According to a press release from the CFTC today, Thompson who hails from Easton, a city in and the county seat of Northampton County, Pennsylvania, United States, has been accused of “knowingly or recklessly making false representations to customers in connection with the purported purchase of bitcoin worth over $7 million.”
The complaint officially filed a lawsuit in the US court of the Southern District of New York, alleging that the accused failed to deliver purchased bitcoin to customers neither were customers’ funds “safeguarded as promised.”
The indictment notes that “contrary to Thompson’s false representations, neither he nor a company with which he was affiliated had possession or control of the bitcoin that was to be delivered to the customers.”
The case was first filed in July 2018, after Thompson lured two customers into sending about $7 million for the purchase of bitcoin by “making false representations that he or the company” had the cryptocurrency in hand while guaranteeing the safety of customer’s funds.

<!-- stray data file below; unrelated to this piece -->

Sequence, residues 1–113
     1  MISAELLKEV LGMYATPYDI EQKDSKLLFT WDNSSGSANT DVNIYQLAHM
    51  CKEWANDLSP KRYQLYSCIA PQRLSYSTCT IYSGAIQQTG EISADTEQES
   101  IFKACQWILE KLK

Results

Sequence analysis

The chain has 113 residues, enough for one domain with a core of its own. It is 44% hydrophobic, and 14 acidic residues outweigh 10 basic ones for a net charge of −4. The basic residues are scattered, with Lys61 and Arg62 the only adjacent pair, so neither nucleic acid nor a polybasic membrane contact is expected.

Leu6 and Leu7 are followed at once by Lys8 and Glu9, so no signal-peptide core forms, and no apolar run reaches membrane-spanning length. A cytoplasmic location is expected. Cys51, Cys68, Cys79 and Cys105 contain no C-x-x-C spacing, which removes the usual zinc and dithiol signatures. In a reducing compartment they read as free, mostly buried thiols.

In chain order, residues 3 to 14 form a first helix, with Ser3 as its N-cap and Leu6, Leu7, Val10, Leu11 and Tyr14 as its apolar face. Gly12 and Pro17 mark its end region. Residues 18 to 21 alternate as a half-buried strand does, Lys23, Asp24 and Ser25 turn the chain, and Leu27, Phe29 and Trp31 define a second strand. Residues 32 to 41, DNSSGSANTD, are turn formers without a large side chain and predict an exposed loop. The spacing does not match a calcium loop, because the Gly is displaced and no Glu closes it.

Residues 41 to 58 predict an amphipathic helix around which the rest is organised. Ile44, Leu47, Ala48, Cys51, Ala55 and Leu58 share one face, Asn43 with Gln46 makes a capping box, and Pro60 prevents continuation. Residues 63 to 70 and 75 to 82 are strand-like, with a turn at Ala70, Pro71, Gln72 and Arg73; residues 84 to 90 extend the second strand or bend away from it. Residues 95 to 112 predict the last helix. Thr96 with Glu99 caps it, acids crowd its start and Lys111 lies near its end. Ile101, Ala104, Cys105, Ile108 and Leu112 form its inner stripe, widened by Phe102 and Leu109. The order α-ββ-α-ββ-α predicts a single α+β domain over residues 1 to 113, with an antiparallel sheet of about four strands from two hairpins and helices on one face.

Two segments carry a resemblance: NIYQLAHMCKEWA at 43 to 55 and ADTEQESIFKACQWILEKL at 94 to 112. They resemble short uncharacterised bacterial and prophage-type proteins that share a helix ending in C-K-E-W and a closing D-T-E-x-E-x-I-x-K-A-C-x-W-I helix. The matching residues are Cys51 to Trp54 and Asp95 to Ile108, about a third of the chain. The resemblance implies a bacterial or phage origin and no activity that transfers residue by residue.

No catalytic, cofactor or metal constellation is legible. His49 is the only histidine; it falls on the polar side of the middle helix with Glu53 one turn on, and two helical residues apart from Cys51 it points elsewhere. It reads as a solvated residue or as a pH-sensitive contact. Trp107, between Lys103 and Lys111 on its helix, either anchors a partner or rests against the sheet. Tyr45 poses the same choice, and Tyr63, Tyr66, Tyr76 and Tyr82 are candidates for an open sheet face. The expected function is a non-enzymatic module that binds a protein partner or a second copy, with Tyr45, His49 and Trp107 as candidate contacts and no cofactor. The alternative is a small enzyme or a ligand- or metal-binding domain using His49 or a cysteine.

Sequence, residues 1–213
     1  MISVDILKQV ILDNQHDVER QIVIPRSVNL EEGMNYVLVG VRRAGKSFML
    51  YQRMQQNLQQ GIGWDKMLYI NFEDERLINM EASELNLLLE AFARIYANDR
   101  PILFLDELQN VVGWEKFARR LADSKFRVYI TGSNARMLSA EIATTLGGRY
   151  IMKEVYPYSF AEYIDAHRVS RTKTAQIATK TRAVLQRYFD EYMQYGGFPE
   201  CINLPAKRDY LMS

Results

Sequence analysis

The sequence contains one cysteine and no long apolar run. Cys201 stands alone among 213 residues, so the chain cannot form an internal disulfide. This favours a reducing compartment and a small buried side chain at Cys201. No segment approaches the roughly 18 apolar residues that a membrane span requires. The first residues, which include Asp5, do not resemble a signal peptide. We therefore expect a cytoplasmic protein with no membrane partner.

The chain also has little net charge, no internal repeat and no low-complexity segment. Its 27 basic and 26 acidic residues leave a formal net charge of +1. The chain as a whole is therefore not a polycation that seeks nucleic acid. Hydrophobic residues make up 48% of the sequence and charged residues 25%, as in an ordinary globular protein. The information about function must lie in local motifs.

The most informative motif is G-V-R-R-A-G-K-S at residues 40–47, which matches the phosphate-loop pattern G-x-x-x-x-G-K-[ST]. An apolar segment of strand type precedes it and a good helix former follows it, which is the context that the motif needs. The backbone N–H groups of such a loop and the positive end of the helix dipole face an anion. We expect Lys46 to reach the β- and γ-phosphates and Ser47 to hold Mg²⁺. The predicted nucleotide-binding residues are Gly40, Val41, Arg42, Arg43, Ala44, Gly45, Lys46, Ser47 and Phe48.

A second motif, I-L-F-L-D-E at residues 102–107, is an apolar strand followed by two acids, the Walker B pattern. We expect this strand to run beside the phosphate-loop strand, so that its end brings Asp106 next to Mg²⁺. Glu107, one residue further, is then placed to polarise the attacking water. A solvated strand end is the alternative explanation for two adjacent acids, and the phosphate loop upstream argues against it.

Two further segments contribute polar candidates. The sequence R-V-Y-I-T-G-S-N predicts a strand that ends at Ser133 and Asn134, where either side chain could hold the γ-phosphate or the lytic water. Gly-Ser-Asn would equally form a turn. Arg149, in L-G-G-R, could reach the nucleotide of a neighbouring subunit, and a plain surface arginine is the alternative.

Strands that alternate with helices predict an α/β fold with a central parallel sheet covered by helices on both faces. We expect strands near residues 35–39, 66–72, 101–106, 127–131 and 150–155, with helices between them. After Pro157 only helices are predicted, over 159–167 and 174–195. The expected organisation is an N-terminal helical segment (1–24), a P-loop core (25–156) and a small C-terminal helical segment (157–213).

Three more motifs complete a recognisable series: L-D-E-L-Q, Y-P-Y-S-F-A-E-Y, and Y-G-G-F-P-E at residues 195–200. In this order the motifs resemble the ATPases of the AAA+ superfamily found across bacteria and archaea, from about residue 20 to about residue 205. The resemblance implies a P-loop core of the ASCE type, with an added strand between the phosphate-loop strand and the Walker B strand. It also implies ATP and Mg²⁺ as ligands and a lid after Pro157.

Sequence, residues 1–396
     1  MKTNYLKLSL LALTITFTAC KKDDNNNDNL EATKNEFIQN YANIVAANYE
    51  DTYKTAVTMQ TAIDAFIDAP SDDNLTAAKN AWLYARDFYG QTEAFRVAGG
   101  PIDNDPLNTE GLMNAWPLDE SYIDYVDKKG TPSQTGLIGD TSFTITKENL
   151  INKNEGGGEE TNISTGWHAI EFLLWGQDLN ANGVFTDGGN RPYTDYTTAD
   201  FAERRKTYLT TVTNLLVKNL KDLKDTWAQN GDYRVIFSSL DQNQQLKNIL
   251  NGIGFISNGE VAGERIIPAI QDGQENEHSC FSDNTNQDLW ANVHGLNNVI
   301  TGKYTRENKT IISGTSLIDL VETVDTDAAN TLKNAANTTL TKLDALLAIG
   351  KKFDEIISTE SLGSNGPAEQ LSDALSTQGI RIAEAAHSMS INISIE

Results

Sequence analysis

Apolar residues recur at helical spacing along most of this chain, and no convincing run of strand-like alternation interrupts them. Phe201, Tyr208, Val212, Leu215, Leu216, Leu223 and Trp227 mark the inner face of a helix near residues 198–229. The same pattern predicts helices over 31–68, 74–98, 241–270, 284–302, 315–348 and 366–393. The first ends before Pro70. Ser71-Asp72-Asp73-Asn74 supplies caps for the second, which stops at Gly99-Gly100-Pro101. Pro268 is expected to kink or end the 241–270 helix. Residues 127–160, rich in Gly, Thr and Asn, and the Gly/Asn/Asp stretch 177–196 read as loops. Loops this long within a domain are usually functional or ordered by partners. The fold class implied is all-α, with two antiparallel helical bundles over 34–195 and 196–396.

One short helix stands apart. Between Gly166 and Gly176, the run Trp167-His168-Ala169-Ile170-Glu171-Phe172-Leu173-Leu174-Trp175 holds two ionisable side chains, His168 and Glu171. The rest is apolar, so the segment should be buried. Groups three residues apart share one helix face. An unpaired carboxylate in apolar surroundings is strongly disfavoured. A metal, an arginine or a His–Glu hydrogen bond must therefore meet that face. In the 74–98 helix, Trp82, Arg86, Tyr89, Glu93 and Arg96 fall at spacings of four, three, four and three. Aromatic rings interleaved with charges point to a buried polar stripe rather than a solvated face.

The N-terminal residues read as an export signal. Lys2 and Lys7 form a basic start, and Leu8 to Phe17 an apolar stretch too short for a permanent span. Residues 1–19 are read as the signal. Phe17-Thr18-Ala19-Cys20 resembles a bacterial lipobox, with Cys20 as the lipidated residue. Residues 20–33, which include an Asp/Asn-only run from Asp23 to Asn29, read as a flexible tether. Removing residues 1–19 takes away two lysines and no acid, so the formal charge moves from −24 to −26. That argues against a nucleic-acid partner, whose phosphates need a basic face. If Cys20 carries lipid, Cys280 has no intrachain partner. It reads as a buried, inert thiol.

Per the release, after receiving money from the customers, Thompsons transferred all the funds to “third parties” as payment for bitcoins without first receiving the coins. As the business deal went south, Thompsons then lied to the victims about the “locations of the bitcoins, the reasons the transaction was not completed, and the status” of the money.
The CFTC is now seeking “restitution, disgorgement, civil monetary penalties, permanent trading and registration bans, and a permanent injunction against further violations of the Commodity Exchange Act and CFTC regulations.”
James McDonald, the Director of CFTC Division of Enforcement Virtual Currencies Task Force, notes that “fraudulent schemes” like the one of Thompson’s case not only make people lose their “hard earned money” but also affects the “integrity of new and innovative markets.”